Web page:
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Archive for May 2008

Cluster Ban Treaty Approved

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Cluster bomb ban treaty approved

More than 100 nations have reached an agreement on a treaty which would ban current designs of cluster bombs.

Written by omnologos

2008/May/28 at 23:51:05

Posted in Ethics, Humanity, Politics

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Straw Men vs. Obama

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(UPDATE: a shortened version of the text below has been published in the Letters section of the International Herald Tribune, May 25, 2008)

Truly there must be something powerful in Barack Obama’s message for the US Presidential Campaign of 2008, if critics are so busy setting up flawed arguments about his heritage, or foreign policy ideas.

First we had Luttwak’s improbable stint as a Shari’a scholar, somehow “demonstrating” that Obama’s Muslim father would be a liability… in the Muslim world. And now, how do N Thrall and J J Wilkins criticize Obama’s suggestion that, in foreign policy, talks are better than wars-by-proxy?

Why, they try to make a rather esoteric analogy with a Kennedy-Khrushchev summit of 47 years ago (“Kennedy talked, Khrushchev triumphed“, IHT, May 23).

Never mind that Obama has never suggested starting off by meeting face-to-face with the Presidents of Iran or Hamas, for example; that the world is vastly different from 1961’s; and that as anybody living in the real world knows very well already, the Administration of President George W Bush has engaged in talks with “America’s enemies” such as Lybia and North Korea.

And rightly so! Well, if Messrs Thrall and Wilkins are so convinced that the mere act of talking brings huge risks of being considered “too weak”, perhaps they should suggest closing off much of the State Department.

A flawed argument is also known as a “straw man”. Well, I for one think there have been enough of those scarecrows set up, especially against Obama. Please, can we have now some serious political discussion instead?

Written by omnologos

2008/May/23 at 06:01:13

Republican Alert: Major Presidential Speeches Warning

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The Economist quotes outgoing Republican congressman Tom Davis:

When Bush tries to articulate a vision, he will butcher the Gettysburg Address. Obama, he will make an A&P grocery list sing.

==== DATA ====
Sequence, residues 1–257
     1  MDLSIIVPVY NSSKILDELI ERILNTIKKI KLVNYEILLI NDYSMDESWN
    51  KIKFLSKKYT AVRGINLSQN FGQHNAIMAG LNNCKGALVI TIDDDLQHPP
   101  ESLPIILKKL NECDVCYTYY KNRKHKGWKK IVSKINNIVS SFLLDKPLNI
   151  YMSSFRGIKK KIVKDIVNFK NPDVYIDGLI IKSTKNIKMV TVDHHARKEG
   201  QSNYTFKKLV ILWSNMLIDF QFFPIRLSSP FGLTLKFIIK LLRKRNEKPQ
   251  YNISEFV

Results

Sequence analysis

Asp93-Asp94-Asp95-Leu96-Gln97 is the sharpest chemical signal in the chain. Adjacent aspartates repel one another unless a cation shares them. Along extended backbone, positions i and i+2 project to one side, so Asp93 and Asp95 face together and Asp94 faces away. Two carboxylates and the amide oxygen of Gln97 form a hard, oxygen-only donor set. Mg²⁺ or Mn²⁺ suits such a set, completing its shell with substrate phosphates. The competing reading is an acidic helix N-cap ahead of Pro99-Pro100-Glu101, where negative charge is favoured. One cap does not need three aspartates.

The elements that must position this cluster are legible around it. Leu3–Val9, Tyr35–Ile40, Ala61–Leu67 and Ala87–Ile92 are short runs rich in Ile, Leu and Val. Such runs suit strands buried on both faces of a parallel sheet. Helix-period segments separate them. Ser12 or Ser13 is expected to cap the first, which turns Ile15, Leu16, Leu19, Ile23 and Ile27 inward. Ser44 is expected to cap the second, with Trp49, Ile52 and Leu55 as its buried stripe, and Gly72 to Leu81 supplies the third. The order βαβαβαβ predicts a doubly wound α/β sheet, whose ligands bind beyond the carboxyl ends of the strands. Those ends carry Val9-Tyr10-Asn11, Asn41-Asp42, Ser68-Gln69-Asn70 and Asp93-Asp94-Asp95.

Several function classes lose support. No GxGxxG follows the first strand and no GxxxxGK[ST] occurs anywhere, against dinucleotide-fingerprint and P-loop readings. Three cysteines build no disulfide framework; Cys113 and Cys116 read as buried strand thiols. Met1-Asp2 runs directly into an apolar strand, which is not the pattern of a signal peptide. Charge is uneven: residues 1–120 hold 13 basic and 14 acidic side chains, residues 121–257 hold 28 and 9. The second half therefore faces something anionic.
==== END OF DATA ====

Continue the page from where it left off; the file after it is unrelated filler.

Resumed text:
Obama has already managed to star in a “presidential speech” in Philadelphia, when challenged about race. The risk for McCain is to inspire more exceptional performances, eg about women (after attacks on Michelle Obama) and white working-class poverty (if remarks of Obama being too sophisticated for his own good keep coming).

Yet more signs that this is going to be a sedate campaign, with two candidates simply too nice to each other to inspire any enthusiasm…

Written by omnologos

2008/May/21 at 22:15:38

Posted in Politics, USA, USA 2008

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Pistorius: Everything’s Good

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I will try to explain in detail why I do not agree with those who reacted negatively to the news that Pistorius will be given the opportunity to attempt qualifying for the Olympics.

And no, I will not use emotional arguments.

There are several objections I have heard, and none of them stands up to scrutiny. Some say that the artificial legs give Pistorius an unfair advantage: well, then it’s not a matter of preventing him to compete, rather to help hilm design legs without unfair advantages.

Others declare their opposition to the use of any “non-natural equipment” at the Olympics: shall we then also prohibit hi-tech swimming gear, and super-special running shoes? Or at least make sure everybody uses the same gear, and the same shoes.

In truth, there already is a “mechanical device” that allows people with disabilities to compete with all others: that is, glasses. I am extremely short-sighted myself: I would be almost blind, if I had not the good fortune of being born in an age where the right type of correcting lenses are available.